When we found a lightbulb washed up on the beach as we helped clean, it led my friend and I to seriously contemplate where in the world this would have come from. The beach is the last place on earth you would have a lightbulb, at least this undeveloped beach.  I figured it wafted off the mountain of garbage in Saida. She thought it was a fisherman at sea who would dump a murderous object for sealife in the very entity that fed him. Whatever it was, it wasn’t innocent.  Another one of sea turtles’  enemies  is a white plastic bag, which dances in the sea just like a jellyfish, one of their favorite foods. Lebanon’s abundance of jellyfish is due to our filthy sea and the turtles’ deaths due to swallowing plastic bags. Imagine what lighbulbs and other pieces of metal or glass do to marine life.

Beach booty.

 

When we were back at the house and having breakfast, which included an awesome spread of Mona’s homemade jams from the trees on her estate (cumquat, lemon, apricot, yum), Mona and Danny chuckled because they had forgotten, due to their excitement, to measure and weigh the eggs.  I thought it was remarkable that they hadn’t shown their excitement at the beach. They had been very professional, whereas my friend and I had been yelping and clapping. (Really, we were like kids.) I wondered if their excitement was mixed with relief, as it had taken all month to find a nest. I wondered what it would mean to them to lose these animals.

 

In a country that has an official mountain of garbage, reaching the Orange House’s environmental goals, depite their remote location along the Naqora road,  is often a fight. Mona has fought local fisherman’s practice of dynamite fishing, and eventually won. She had to ask UNIFIL workers to stop buying turtles from the fisherman, and they obliged.  But there are some fights she hasn’t won. The beach must be cleaned each day. The day we were there alone, we filled two big garbage bags full – t-shirts, plastic bottles, diapers, caps, etc. The army checkpoint just 2 doors before her estate impedes foreigners’ ability to come to the Orange House as they always need permission from the Saida permissions office as it is an entry to the deep south. They hadn’t always been there, but moved there just 2 years back from just a few kilos up the road for apparently little reason, but it’s unclear. Their base also may shed light onto the beach at night which is confusing for turtles. And Mona has no government backing or aid, but you could have already figured that out.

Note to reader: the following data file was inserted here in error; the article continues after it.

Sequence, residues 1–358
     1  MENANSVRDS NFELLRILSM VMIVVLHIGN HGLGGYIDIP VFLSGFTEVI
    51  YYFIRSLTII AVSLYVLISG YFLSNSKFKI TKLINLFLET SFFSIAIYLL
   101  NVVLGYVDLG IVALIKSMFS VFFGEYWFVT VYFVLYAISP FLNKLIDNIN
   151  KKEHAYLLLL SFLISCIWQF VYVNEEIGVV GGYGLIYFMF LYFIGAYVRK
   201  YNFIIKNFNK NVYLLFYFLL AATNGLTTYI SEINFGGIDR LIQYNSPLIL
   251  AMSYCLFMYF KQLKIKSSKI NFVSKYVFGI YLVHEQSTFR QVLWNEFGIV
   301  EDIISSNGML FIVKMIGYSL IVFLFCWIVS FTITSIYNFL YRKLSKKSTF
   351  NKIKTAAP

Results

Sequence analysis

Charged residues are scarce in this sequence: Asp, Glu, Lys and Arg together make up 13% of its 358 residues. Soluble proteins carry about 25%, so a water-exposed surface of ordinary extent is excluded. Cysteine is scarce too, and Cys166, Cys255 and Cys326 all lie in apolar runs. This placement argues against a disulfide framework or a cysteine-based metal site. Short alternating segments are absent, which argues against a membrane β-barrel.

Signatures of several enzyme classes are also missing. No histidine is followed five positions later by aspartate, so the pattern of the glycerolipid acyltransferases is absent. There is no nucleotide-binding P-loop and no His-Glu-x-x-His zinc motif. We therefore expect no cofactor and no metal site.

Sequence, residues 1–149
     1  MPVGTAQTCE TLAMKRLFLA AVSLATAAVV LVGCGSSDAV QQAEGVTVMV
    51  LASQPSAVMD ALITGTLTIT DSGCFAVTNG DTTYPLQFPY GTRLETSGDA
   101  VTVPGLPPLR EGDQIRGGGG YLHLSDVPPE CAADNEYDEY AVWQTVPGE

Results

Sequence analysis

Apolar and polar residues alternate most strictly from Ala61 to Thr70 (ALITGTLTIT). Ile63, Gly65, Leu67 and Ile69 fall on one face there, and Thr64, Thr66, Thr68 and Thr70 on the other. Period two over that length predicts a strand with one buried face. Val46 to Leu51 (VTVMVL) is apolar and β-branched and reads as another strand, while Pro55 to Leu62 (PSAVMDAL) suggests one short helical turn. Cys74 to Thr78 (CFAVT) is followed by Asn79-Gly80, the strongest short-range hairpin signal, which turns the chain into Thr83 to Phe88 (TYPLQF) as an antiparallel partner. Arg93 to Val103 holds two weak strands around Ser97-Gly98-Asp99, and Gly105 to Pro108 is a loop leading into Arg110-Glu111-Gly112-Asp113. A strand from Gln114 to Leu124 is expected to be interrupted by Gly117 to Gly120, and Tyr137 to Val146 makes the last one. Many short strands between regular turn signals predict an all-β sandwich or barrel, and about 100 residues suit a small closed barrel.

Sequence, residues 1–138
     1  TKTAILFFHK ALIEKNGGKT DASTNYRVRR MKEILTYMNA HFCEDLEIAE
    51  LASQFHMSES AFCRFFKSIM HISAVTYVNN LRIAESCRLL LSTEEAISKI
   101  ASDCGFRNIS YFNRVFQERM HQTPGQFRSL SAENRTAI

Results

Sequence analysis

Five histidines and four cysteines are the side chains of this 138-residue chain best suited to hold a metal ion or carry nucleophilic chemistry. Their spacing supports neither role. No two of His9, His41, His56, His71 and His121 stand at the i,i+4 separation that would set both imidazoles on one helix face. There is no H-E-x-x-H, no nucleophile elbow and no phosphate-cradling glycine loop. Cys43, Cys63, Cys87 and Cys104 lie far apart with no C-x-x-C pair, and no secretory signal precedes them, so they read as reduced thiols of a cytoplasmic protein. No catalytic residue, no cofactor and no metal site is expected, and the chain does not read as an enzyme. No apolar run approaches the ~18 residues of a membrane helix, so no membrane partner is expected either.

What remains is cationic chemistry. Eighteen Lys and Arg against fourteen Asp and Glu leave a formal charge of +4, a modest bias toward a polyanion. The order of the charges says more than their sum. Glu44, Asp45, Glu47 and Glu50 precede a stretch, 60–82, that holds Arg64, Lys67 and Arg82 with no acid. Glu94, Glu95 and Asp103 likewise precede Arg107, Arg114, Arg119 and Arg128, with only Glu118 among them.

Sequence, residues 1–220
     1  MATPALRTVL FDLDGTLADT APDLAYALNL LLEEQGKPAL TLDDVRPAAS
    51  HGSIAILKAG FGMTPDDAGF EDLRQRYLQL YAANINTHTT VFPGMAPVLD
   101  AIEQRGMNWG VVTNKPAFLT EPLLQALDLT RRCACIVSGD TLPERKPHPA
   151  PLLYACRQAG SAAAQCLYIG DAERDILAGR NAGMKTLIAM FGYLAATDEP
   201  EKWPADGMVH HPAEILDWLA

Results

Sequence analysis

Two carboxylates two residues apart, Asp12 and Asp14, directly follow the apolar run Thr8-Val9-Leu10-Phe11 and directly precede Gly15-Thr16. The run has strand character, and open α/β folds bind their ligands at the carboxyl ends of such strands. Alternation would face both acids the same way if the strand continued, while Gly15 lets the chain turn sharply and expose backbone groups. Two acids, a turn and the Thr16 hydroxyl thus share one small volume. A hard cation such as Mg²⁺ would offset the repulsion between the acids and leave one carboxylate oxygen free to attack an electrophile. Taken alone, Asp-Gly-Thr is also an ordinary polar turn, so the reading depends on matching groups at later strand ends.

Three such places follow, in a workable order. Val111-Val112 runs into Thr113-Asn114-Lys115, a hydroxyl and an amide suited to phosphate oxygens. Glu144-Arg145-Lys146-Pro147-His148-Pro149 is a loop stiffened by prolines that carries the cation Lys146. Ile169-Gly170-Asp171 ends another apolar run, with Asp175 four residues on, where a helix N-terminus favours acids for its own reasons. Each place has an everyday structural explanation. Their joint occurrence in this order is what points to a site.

The Orange House is a reminder of humans’ disconnection from the natural world. How do we protect ourselves? The natural world has become so foreign to us that we feel safer building more concrete around us than green. We poison our food with chemicals because we fear our resources will disappear.  Animals are just animals, usually utilized for our needs. We use more and more, and imagine that our garbage is “elsewhere.” We drive everywhere and, at least in Beirut, are obviously damaged by the excessive car exhaust and noise. Danny, a marine biologist from Spain, mentioned his first visit to Beirut and only remarked on the traffic and noise – especially the honking. And when he mentioned honking, I couldn’t believe that I had to go back to that, as I sat on a long stretch of clean beach, an island of sorts, the sun’s light shimmering crystals down to the sea. The sound of waves and thoughts were crisp and clear. The city was so far away. I looked out for the head of the sea turtle poking from the sea, looking ashore for some peace and quiet, a place away from us, to leave her eggs.

 

I thought I'd include a picture of the Orange House's hermaphrodite goat.

 

My friend Crystal Hoffman has another take on the trip; her post is not up yet, but here is the link to her blog.

http://crystaljhoffman.wordpress.com/

If you would like to stay at the Orange House, not only to have a tranquil getaway on a sliver of paradise in southern Lebanon, but also to support the turtle conservation project there with your stay, call Mona at +9617320063 or +9613383080.

 

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2 Responses to “The Human Factor”

  1. Katie S G says:

    I love the Orange House and I love this post. Thank you for helping the baby turtles, and for the picture of the hermaphrodite goat.

  2. Helene Samuelsen says:

    Thanks for the post, Rima. We have also spent a morning looking for signs of the turtles at Orange House. But we did not have your luck. Reading about it at crosseyedrevolutions was a good number two! All the best – Helene (Martins sister)